“A new and intriguing book… Anyone interested in the history of the internet, comparative systems, or the history of the Soviet Union should read this book.”
“And so: the Internyet.”
Digital Keywords: A Vocabulary of Information Society and Culture
Paperback | 2016 | $24.95 | £18.95 | ISBN: 9780691167343
Hardcover | 2016 | $70.00 | £51.95 | ISBN: 9780691167336
352 pp. | 6 x 9 | 3 halftones. 1 table.
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eBook | ISBN: 9781400880553 |
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In the age of search, keywords increasingly organize research, teaching, and even thought itself. Inspired by Raymond Williams’s 1976 classic Keywords, the timely collection Digital Keywords gathers pointed, provocative short essays on more than two dozen keywords by leading and rising digital media scholars from the areas of anthropology, digital humanities, history, political science, philosophy, religious studies, rhetoric, science and technology studies, and sociology. Digital Keywords examines and critiques the rich lexicon animating the emerging field of digital studies.
This collection broadens our understanding of how we talk about the modern world, particularly of the vocabulary at work in information technologies. Contributors scrutinize each keyword independently: for example, the recent pairing of digitalandanalog is separated, while classic terms such as community, culture, event, memory, and democracy are treated in light of their historical and intellectual importance. Metaphors of the cloud in cloud computing and the mirror in data mirroring combine with recent and radical uses of terms such as information, sharing, gaming, algorithm, and internet to reveal previously hidden insights into contemporary life. Bookended by a critical introduction and a list of over two hundred other digital keywords, these essays provide concise, compelling arguments about our current mediated condition.
Digital Keywords delves into what language does in today’s information revolution and why it matters.
Endorsements & Reviews
“Digital Keywords interrogates some of the words at the center of our socio-technical world, revealing the way in which the digital has reconfigured culture. This inspiring book is essential for all who are trying to understand our contemporary mediated society. It’s a pure delight for anyone who hasn’t stopped to think about the power of these words.”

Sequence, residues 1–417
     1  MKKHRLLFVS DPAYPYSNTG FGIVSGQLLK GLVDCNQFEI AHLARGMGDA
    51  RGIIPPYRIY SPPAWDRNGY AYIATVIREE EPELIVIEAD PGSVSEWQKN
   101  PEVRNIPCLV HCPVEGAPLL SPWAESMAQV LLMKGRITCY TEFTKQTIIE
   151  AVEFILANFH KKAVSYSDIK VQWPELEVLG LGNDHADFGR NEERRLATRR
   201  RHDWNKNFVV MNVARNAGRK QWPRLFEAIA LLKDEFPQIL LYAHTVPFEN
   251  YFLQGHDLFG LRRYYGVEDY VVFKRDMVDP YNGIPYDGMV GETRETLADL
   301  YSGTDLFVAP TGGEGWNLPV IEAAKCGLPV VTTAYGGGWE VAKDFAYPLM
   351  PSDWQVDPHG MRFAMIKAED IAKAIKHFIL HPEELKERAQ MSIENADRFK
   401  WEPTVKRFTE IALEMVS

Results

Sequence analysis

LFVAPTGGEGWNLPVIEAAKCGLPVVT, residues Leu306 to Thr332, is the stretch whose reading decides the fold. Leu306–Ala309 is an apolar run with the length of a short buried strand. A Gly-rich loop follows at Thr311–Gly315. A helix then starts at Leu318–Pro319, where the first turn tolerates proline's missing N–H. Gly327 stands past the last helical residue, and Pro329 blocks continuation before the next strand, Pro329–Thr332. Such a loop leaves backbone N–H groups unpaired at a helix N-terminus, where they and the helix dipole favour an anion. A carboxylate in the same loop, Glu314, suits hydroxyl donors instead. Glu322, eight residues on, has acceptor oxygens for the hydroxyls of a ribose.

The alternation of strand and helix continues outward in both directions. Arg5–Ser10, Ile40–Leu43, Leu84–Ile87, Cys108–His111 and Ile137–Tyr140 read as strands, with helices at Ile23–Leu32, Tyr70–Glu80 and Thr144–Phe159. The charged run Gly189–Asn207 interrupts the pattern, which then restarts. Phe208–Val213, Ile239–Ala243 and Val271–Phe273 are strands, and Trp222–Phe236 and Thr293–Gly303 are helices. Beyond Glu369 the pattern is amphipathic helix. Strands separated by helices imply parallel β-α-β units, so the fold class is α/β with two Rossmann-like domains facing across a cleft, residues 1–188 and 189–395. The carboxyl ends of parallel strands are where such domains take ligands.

“Digital Keywords is fascinating, erudite, informative, and delightful. This is a cabinet of present-day wonders to which I’m sure I’ll return many times.”
“The distinguished contributors of Digital Keywords analyze the ways language has changed as a result of the digital revolution. The result is an engaging and readable tour through important concepts in scholarly debate and public discourse.”
“Now, 40 years after Williams began the journey into the politics and culture behind language, his work has been continued – and readapted for the 21st century – in a book that seeks to carry on where he left off, by digging out the roots of digital language and discovering how it has shaped the newfound society we live in today…. with the release of this book, the digital language journey is just getting started. ‘Digital Keywords’ serves as an in-depth interrogation of the meaning and development of digitised language, and strives to reveal the way in which the digital has reshaped society and rewritten culture. You can learn a lot about society from language, and those wishing to gain a deeper understanding of the modern, digital world we all inhabit would be well advised to begin by taking a look at this book. Just as ‘Keywords’ made its way firmly onto reference shelves in the 1970s, so too will ‘Digital Keywords’ today.”